Published April 07, 2017
The Syrian airfield targeted by United States airstrikes early Friday was “almost completely destroyed,” a human rights group in the country said.
The Britain-based Syrian Observatory for Human Rights said the missile attack damaged over a dozen hangars, a fuel depot and an air defense base. About 60 U.S. Tomahawk missiles hit the Shayrat air base, southeast of Homs, a small installation with two runways.
At least seven Syrian soldiers were killed and nine wounded in the airstrike, the country's military said. The governor of Homs province said he did not believe the strikes caused a large number of “human casualties.” A Syrian official the attack caused deaths and a fire, but did not elaborate.
Tonight I ordered a targeted military strike...... pic.twitter.com/3nUzrdiGzX— President Trump (@POTUS) April 7, 2017
The U.S. missiles hit at 3:45 a.m. local time in Syria. Syrian state TV called the attack an "aggression" that lead to "losses."
"Initial indications are that this strike has severely damaged or destroyed Syrian aircraft and support infrastructure and equipment at Shayrat Airfield, reducing the Syrian government's ability to deliver chemical weapons," Captain Jeff Davis, a Pentagon spokesman, said, according to Reuters.
Davis said the U.S. was still assessing the result of the 59 Tomahawks it fired, expressing hope that Assad's government learned a lesson. He said it was ultimately "the regime's choice" if more U.S. military action would be needed.
Syria's state TV showed footage of a fast sequence of orange flashes that lit the dark sky in the distance before the crack of dawn.
The shaky footage, apparently filmed with a mobile phone camera and aired Friday, came hours after about 60 U.S. Tomahawk missiles hit the base in Homs province, causing extensive damage to the base.
In a different sequence after day break, the Syrian TV station al-Ikhbariyah showed another short clip of smoke billowing in the distance, hovering over a raging fire, the tip of which emerges and a forest of trees is in the foreground.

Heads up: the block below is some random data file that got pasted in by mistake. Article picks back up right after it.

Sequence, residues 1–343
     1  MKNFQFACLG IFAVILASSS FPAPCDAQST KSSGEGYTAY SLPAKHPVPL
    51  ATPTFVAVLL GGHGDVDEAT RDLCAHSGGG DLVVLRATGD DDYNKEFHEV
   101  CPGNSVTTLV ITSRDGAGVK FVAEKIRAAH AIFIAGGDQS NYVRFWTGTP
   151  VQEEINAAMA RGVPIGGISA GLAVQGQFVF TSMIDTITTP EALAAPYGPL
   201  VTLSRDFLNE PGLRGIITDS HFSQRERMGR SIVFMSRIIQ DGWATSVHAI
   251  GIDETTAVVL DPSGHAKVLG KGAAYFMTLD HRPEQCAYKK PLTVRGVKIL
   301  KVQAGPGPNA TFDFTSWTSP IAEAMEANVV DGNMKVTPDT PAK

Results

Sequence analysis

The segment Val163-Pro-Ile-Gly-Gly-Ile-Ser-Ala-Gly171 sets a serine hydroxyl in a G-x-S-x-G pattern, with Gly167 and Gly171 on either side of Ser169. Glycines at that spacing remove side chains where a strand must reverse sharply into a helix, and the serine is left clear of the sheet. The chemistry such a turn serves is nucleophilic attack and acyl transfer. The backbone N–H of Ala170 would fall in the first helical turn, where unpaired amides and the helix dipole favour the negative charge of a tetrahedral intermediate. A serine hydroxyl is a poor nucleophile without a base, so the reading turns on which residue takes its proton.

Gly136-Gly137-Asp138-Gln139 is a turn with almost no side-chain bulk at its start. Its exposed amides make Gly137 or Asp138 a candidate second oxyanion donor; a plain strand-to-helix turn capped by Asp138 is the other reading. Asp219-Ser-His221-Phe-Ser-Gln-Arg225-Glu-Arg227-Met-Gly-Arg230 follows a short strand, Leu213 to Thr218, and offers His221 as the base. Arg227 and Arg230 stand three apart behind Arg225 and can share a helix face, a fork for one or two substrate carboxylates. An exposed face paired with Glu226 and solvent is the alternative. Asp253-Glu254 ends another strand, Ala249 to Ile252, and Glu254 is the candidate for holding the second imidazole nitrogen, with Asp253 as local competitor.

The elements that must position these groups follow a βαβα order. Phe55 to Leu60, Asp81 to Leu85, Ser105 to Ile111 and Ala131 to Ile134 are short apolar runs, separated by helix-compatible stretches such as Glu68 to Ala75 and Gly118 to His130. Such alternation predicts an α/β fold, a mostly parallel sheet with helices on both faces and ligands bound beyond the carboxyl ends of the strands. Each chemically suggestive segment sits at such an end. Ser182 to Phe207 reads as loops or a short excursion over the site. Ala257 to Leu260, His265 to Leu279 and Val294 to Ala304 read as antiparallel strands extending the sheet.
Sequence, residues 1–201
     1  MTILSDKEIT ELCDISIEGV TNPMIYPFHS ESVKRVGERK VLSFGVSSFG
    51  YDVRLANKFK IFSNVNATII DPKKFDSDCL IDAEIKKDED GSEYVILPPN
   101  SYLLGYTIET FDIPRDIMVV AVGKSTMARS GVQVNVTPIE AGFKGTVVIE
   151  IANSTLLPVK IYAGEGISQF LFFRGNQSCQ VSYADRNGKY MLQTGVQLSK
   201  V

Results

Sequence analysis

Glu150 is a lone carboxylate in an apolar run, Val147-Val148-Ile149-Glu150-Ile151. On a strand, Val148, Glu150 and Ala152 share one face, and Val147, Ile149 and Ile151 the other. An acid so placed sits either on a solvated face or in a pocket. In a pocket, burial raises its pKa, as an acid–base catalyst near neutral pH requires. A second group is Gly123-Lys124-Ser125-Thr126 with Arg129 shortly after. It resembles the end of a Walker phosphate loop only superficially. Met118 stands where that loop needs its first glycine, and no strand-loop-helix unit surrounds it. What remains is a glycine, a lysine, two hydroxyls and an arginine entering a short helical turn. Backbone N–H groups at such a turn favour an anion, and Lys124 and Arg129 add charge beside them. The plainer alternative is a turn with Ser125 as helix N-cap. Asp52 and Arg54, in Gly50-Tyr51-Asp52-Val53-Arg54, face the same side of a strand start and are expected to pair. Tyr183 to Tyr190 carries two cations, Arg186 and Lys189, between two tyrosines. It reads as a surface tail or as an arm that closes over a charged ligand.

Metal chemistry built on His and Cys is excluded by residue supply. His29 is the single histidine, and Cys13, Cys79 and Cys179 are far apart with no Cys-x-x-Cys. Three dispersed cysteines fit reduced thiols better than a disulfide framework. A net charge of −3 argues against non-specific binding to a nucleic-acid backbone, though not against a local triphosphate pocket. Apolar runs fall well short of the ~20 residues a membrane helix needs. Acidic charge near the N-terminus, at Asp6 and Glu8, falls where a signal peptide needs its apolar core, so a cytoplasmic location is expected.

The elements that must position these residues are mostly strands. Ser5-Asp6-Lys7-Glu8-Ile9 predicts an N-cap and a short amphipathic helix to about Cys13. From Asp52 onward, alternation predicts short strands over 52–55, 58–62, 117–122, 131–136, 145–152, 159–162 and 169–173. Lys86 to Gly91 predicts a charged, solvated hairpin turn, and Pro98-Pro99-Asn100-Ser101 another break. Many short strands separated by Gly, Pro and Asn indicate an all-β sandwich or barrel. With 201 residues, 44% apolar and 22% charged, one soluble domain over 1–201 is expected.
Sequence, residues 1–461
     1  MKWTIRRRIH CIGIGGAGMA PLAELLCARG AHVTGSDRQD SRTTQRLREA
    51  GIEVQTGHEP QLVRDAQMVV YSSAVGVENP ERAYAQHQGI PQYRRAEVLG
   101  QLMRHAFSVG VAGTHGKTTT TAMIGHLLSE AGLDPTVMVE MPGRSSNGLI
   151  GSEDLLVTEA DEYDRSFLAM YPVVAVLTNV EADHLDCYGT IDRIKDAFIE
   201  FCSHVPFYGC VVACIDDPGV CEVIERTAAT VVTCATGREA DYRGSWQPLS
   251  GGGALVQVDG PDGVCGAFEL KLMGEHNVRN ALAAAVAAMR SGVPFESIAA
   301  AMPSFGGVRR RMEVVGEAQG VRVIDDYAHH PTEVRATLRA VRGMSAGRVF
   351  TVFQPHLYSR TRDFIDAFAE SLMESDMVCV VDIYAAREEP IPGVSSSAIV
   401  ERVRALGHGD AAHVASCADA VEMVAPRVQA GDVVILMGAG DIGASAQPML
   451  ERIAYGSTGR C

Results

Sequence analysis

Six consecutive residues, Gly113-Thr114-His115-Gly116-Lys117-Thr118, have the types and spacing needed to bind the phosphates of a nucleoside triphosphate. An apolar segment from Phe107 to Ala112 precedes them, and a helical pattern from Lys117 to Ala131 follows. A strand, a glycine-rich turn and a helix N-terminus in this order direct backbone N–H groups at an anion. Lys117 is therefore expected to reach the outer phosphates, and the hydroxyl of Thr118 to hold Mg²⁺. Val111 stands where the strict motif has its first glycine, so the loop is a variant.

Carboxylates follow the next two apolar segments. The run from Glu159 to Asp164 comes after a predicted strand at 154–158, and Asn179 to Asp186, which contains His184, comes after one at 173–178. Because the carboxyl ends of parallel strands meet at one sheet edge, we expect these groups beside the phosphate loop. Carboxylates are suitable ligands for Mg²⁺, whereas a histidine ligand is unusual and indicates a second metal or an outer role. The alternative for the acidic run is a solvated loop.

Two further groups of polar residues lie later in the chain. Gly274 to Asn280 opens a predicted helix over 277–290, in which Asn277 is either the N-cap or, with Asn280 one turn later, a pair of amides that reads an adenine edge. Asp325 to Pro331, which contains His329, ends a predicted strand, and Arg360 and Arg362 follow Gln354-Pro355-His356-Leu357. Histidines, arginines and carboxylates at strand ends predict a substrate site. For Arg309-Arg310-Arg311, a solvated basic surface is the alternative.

The U.S. launched nearly five dozen cruise missiles at a Syrian airfield in response to a chemical weapons attack that killed dozens of civilians, the first direct assault on the Damascus government since the beginning of that country's bloody civil war in 2011.
U.S. officials called the airstrike a “one-off” and said there are no plans for escalation.
The U.S. airstrike in Syria was an "aggression against a sovereign state" and in violation of international law, the Kremlin said in a statement. Shortly before the strikes, the head of information policy commission in the upper house of Russian parliament, Alexei Pushkov, said on Twitter said that if Trump launches a military action in Syria it would put him in "the same league with Bush and Obama."
President Trump on Thursday called for all “civilized nations” to join the U.S. “in seeking to end this slaughter and bloodshed in Syria.”
A survivor of the chemical attack in a northern Syrian town says he hopes the U.S. missile attack could help put an end to Syrian government airstrikes, creating a safe area for civilians.
Alaa Alyousef, a 27-year old resident of Khan Sheikhoun, said Friday the U.S. missile attack "alleviates a small part of our sufferings," but he worries it will be like "anesthetics," to save face. AlYousef said the U.S. is capable of "paralyzing" Syrian warplanes.
"What good is a strike on Shayart air base alone while we have more than 15 other air bases," he said.
The Associated Press contributed to this report